Thursday, October 3, 2013

Adobe's Photoshop Photography Program

The Photoshop Photography Program is a new packaged price for the creative cloud versions of Photoshop (PS) and Lightroom (LR) that Adobe announced during Photoshop world (Sept’13). This was their response to the overwhelming backlash from the photography community who thought that the $20/month price point for essentially a Photoshop rental was way too much when compared to the old price when updating the standalone license approx. every 18 months. I agreed with the majority of Photoshop only users and said I’d never subscribe.

  So Adobe will now RENT (yes it is still a rental model Bus. plan) you Photoshop and Lightroom for $10/month under this new program as long as you own a Photoshop CS3 or a newer license and agree to subscribe for a yearly membership before 31-Dec-2013. This reduced price is not an introductory price which will increase after the 1st year, it is a reduced membership plan for who knows how long. Adobe has said that the price will remain as long as you retain your monthly payments. If you decide to unsubscribe, and rejoin sometime later your monthly fee will revert back to the original $20/month plan. 

 I had said I would never subscribe, but I have decided that at $10/month this makes sense for me. In the past I have updated both applications soon after they were launched. I’d always wait until early adopters had identified any major bugs before I updated but soon after the dust had settled I was handing over $200+ for PS and $80 for LR. In fact I had just updated to LR5 when this announcement was made. I asked Adobe for a refund and since I had purchased LR within 30 days, they gave me a full refund which paid for the 1st 8 months of my CC membership. I have always wanted access to some of the PS extended features, but to upgrade from my standard version was alway too expensive, now I have an extended version which is another reason for my subscription decision.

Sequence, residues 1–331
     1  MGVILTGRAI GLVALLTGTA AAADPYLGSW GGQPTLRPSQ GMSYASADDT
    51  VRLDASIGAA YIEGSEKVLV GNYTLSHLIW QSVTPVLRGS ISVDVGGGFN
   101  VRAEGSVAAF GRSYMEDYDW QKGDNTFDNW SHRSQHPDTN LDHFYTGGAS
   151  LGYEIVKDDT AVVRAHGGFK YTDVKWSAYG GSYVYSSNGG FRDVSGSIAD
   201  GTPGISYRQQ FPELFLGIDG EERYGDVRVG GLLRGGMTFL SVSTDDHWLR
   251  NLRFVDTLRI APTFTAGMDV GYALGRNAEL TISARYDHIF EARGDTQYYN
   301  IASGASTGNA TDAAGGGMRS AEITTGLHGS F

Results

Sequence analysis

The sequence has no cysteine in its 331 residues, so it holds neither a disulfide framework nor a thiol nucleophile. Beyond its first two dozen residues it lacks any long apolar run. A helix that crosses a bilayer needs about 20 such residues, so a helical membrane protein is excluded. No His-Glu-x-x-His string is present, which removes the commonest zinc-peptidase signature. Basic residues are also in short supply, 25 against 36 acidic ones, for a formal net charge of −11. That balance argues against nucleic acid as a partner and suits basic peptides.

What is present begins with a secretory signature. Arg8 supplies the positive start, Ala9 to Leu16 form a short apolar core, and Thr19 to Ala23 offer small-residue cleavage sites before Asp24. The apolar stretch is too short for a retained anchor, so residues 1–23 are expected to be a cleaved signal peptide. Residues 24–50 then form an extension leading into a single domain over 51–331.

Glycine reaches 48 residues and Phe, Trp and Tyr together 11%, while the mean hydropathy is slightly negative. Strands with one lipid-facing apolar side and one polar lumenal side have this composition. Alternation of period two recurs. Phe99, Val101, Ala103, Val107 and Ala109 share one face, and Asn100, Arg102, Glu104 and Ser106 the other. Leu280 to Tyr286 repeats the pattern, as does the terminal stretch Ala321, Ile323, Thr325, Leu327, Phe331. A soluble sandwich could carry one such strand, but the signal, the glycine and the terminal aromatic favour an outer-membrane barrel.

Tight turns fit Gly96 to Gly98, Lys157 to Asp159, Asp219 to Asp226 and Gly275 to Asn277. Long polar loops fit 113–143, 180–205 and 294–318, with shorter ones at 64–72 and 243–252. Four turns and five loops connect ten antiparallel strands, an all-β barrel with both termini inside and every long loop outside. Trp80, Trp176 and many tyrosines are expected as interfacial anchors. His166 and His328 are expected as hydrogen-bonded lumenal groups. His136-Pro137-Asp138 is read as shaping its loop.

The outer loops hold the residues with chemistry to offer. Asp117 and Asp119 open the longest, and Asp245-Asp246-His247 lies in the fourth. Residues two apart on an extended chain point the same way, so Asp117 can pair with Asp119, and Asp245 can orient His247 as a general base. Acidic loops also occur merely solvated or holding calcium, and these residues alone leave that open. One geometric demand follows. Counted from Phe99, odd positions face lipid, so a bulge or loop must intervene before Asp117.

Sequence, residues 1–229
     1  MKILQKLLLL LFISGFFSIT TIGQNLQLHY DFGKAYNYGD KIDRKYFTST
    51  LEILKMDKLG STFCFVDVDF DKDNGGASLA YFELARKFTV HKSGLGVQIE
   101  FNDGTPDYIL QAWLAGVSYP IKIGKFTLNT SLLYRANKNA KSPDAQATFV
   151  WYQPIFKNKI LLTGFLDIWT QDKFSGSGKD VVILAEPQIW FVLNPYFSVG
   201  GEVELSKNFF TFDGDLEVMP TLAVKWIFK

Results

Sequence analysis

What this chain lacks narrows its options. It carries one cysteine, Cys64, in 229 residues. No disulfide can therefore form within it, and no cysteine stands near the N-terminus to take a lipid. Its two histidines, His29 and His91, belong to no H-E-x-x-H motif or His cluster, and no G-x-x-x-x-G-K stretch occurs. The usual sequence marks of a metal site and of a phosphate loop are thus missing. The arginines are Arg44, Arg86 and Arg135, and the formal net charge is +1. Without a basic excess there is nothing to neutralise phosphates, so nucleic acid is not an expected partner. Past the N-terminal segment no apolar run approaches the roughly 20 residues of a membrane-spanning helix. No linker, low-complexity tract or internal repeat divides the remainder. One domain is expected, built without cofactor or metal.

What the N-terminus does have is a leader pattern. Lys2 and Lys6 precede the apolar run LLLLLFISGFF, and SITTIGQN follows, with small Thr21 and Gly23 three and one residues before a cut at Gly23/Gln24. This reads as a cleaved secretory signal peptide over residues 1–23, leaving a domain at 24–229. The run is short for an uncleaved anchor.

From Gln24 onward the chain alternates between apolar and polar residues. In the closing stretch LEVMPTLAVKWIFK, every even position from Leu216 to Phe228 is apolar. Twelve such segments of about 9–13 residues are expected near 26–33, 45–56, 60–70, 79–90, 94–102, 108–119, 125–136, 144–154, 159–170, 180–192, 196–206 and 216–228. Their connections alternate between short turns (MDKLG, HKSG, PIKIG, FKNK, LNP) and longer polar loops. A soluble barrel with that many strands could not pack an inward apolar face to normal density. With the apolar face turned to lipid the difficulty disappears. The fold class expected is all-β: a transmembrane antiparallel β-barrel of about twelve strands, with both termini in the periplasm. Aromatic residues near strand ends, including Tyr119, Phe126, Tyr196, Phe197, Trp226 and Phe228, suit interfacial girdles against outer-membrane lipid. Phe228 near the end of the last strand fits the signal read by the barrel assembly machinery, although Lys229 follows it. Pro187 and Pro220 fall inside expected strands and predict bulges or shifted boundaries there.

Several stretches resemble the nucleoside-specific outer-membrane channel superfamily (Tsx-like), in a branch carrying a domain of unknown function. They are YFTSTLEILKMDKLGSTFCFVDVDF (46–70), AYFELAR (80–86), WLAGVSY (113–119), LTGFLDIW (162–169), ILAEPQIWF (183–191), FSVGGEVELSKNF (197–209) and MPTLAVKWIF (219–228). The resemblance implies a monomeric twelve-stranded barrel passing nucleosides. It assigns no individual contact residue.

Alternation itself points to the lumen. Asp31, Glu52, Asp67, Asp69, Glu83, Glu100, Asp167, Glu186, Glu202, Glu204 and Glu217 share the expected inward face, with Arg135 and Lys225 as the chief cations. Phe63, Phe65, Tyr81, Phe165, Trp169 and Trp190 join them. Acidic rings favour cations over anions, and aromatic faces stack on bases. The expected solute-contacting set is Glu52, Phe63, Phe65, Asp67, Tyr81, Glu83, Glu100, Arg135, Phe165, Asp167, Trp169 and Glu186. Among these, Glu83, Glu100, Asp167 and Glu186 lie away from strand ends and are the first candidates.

Scott Kelby did a very good job of explaining why Adobe made the leap to a subscription business model on his Grid Live pod cast available on the Kelby TV web site. I wont go into the details but it comes down to Adobe being able to roll out new features quickly to users and still meet the tax law requirements they operate under. The tax law states that new content could only be rolled out if customers paid a nominal fee for them. This happened with creative suite 5.5, the new features couldn't wait for a tradition 18 month roll out, so for $45 they made the content available with a half version update. Instead of waiting for application roll outs every 18 months, under this subscription model they can make them available to users sooner and still meet the requirements of the USA tax code. Scott states that regardless what you think about Adobe's business model, protest all you want they will not return to a stand alone license model. To provide content and stay relevant in this world of quickly changing technology they can't go back. 

I'm still skeptical about Adobe keeping the monthly subscription fees at the current $10/month level and I'm still not carzy about renting software. I'm sure like everything else the price will increase, when and by how much only time will tell. But for me at this price point this made sense, it may not be for you and that is your choice. 

No comments:

Post a Comment